Osteoarthritis, Rheumatoid Arthritis Patients Share Equal Risks in Developing Venous Thromboembolism after TKA Surgery

Osteoarthritis, Rheumatoid Arthritis Patients Share Equal Risks in Developing Venous Thromboembolism after TKA Surgery

In a new study entitled “Risk of Venous Thromboembolism after Total Knee Arthroplasty in Patients with Rheumatoid Arthritis” a team of clinicians assessed whether patients with osteoarthritis and rheumatoid arthritis who underwent total knee arthroplasty presented different risk incidence to suffer venous thromboembolism. The study was published in The Journal of Rheumatology.

Patients who are submitted to knee surgery are particularly prone to develop postoperative venous thromboembolism (VTE), a condition where a blood clot breaks loose and travels throughout the bloodstream, which mainly manifests as deep vein thrombosis (DVT) and Pulmonary Embolism (PE). Without proper treatment, patients are at risk of death and it was previously reported that of patients undergoing total knee arthroplasty (TKA). i.e., total knee replacement, 30 to 40% of these exhibited deep vein thrombosis (DVT) when no thromboprophylatic treatment was applied. Since the majority of total knee arthroplasty (TKA) procedures are performed in patients with arthritis, mainly osteoarthirutis (OA) and rheumatoid arthritis (RA), in this study a team of clinicians compared the incidence of VTE in patients with either osteoarthritis (OA) or rheumatoid arthritis (RA).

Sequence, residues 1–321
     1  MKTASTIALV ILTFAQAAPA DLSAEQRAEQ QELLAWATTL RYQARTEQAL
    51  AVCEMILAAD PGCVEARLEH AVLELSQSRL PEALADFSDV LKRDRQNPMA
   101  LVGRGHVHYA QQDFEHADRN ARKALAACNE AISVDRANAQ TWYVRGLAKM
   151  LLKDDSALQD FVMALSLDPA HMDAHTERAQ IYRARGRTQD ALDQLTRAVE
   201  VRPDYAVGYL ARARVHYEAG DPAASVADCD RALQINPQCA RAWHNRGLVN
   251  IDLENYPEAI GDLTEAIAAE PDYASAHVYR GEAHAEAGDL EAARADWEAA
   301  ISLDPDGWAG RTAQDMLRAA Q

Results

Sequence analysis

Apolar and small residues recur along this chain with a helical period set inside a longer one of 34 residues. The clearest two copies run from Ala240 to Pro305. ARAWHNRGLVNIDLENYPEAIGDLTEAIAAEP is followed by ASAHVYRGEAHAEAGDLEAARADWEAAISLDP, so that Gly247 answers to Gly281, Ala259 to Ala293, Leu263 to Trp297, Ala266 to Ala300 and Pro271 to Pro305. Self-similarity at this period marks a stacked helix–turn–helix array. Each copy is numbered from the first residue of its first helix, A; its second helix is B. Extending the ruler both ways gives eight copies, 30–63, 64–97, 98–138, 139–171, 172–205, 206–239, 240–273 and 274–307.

To this end, the team used the Japanese Study of Prevention and Actual Situation of Venous Thromboembolism After Total Knee Arthroplasty, a hospital-based cohort study, to enroll patients for their study. They recruited 1,288 patients (from 34 hospitals) who were submitted to total knee arthroplasty (TKA): from these, 1,084 had osteoarthritis (OA) and 204 had rheumatoid arthritis (RA). The authors detected deep vein thrombosis (DVT) by ultrasonography (an ultrasound-based diagnostic imaging technique) and Pulmonary Embolism (PE) by tomography/angiography at day 10 and day 28 post-operation, respectively. From the patients’ pool, thromboprophylaxis for patients undergoing TKA was submitted to 357 patients as fondaparinux treatment; 222 patients received enoxaparin; 71 patients had unfractionated heparin; 45 patients received anti platelet agents; 41 patients were treated with aspirin; two patients were given ticlopidine and other two cilostazol; 593 patients who underwent total knee arthroplasty (TKA) received no thromboprophylaxis treatment.

The team found no significant differences in the risk to suffer venous thromboembolism (VTE) and bleeding between patients suffering from osteoarthirutis (OA) and rheumatoid arthritis (RA), after total knee arthroplasty (TKA). The authors noted, however, that a larger sample is necessary to further confirm their findings.

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